With the rise of ESG investing, Socially Responsible investing has also started to gain traction with the investing community. This style of selecting investments to buy resonates with a younger generation trying to help make the world a better place. But does it actually generate decent or superior returns? Or is it just another fad? Let’s explore.
What is socially responsible investing?
Socially responsible investing is an investment strategy that aims to benefit the investor financially while contributing to social change.
Under this philosophy, I can only buy shares in companies that operate in certain industries generating a positive social impact on the economy and everyday life. For example, renewable energy stocks.
As a socially responsible investor, I must look beyond the core financial analysis of profitability and growth. I need to also investigate the company’s social factors to asses whether its revenue sources and business practices align with its stated social values. And often, they don’t.
This investment strategy is a variant of ESG investing, much like impact investing or sustainable investing. While similar, there are a few critical differences.
For example, socially responsible investing deploys a specific ethical criterion in analysing companies in addition to the environmental, social, and governance factors that ESG uses.
That means investors often need to review the published social impact reports to decide whether or not a business is having a beneficial impact on the world, or not.
How to build a socially responsible investment portfolio?
Socially responsible investing does not have to be overwhelming or difficult, as long I have defined the values that I want to contribute towards.
Some common examples of social goals include:
- Environmentally conscious companies
- Supporting female workers
- Supporting the LGBTQ community
- Racial diversity in staff and on the board of directors
Building this type of portfolio largely follows the same principles of normal portfolio construction. It’s the stock picking process that changes. I need to spend more time looking at how businesses aim to achieve their stated goals. All too often, a business will say one thing and then do another.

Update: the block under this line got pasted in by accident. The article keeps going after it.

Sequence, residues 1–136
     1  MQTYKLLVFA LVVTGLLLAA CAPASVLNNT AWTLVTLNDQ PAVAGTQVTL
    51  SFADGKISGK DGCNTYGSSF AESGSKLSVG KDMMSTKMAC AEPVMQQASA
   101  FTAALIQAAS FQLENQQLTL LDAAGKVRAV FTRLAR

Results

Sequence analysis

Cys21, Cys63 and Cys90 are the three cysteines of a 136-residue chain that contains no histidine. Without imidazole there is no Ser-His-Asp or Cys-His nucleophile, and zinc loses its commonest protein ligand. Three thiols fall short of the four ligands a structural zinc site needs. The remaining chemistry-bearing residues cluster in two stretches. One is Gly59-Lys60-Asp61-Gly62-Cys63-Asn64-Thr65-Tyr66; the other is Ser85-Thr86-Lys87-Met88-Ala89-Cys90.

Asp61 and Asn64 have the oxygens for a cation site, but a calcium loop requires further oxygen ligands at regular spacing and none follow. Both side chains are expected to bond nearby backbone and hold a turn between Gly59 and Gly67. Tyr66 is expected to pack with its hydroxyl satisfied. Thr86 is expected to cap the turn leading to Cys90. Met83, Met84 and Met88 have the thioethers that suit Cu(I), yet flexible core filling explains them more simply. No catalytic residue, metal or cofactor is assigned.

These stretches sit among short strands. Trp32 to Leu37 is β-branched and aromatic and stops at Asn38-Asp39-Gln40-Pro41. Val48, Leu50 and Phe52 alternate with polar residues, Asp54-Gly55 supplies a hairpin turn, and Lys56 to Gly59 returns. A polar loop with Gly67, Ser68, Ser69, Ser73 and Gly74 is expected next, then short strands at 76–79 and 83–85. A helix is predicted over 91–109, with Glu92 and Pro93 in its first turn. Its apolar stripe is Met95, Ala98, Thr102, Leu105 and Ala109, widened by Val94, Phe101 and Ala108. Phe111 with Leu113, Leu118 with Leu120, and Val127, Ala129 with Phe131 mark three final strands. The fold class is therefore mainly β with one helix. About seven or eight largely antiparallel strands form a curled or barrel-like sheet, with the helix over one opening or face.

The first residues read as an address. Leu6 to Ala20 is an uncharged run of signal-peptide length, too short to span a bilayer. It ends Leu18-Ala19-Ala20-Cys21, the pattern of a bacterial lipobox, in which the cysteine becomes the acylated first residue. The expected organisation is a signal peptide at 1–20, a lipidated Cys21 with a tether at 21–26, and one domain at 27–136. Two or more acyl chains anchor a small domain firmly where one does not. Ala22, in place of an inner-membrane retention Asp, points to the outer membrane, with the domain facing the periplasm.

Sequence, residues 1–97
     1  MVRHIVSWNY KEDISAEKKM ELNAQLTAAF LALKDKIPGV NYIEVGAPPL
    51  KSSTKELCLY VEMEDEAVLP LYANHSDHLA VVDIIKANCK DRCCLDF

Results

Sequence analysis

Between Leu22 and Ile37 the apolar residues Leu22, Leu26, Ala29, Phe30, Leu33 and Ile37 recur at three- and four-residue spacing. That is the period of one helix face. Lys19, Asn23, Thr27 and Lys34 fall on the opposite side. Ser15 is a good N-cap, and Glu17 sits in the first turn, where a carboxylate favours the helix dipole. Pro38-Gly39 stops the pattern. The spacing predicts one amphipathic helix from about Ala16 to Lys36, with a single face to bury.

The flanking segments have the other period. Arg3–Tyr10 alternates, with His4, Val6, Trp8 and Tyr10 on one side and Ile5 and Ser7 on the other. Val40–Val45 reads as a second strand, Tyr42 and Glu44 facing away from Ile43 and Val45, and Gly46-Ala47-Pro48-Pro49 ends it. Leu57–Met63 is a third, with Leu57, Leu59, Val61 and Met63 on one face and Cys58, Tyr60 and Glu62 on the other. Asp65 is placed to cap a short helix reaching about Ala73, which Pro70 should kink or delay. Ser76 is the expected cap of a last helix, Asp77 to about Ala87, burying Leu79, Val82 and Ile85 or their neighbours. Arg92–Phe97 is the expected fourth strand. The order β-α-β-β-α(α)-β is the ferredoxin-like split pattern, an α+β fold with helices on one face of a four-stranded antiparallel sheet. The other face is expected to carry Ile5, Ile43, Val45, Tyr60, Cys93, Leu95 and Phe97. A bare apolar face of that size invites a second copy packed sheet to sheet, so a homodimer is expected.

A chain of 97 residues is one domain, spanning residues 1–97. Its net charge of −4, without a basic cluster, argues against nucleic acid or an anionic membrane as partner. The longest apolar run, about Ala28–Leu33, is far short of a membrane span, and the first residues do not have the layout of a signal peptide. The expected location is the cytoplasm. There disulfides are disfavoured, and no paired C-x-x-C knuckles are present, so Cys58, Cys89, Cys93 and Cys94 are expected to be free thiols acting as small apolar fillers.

Finding data surrounding a firm’s social priorities can be challenging since not many companies report it. Fortunately, as more stocks adopt ESG factors into their business model, this is getting easier.
Alternatively, places like employee review websites or looking at a firm’s LinkedIn profile can give a quick overview of what’s going on under the surface.
The value of the socially responsible investment approach
Like any strategy, socially responsible investing needs to create value for investors. And it does arguably achieve this on an intangible level.
This approach offers a mechanism for individuals to align their personal values with their investment portfolio. Investing solely in companies I believe in, apart from feeling good, also means I’m less likely to panic and sell during stock price turbulence. On a broader note, knowing that I can contribute to promoting and building a better world and community is another bonus.
But while feeling good might be nice, as an investor, I also want to make money. So, does socially responsible investing actually generate a good financial return?
The data is somewhat mixed here. Sadly, this investment strategy hasn’t been actively deployed for that many years, making the sample size too small to draw any meaningful conclusions. However, recent data suggests that this investment strategy might be quite lucrative.
A 2020 report by the investment bank Morgan Stanley found that, on average, throughout the pandemic, a socially responsible mutual fund that follows an ESG criteria will outperform a traditional fund.
Is it worth it?
Investors can achieve both ethical investing and decent returns with a socially responsible investing approach. At least, that’s what the early data would indicate. And with an influx of socially responsible investors, corporations are becoming more driven toward adopting these socially beneficial practices.
In my opinion, this is excellent news, even for investors not particularly fussed about investing in solving social problems. Why? Because numerous surveys have found that consumers are more willing to pay extra for goods and services from socially responsible companies. In other words, it seems to be a small driving force of pricing power.
So, is socially responsible investing worth it? I believe that it is. But, like all investment strategies, it may not be suitable for everyone. Thankfully there are plenty of alternative ways of generating long-term returns within the stock market.
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Saima Naveed does not own shares in any of the companies mentioned. The Money Cog does not own shares in any of the companies mentioned. Views expressed on the companies and assets mentioned in this article are those of the writer and, therefore, may differ from the opinions of analysts in The Money Cog Premium services.